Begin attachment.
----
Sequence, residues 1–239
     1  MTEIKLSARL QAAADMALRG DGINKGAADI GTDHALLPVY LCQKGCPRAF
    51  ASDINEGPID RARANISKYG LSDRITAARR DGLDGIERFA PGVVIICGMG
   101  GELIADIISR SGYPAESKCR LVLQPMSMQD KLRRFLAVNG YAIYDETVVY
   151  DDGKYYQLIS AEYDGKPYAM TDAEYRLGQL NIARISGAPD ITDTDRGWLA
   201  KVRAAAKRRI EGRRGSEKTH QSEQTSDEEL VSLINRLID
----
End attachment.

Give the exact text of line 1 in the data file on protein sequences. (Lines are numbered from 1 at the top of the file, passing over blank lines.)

Sequence, residues 1–239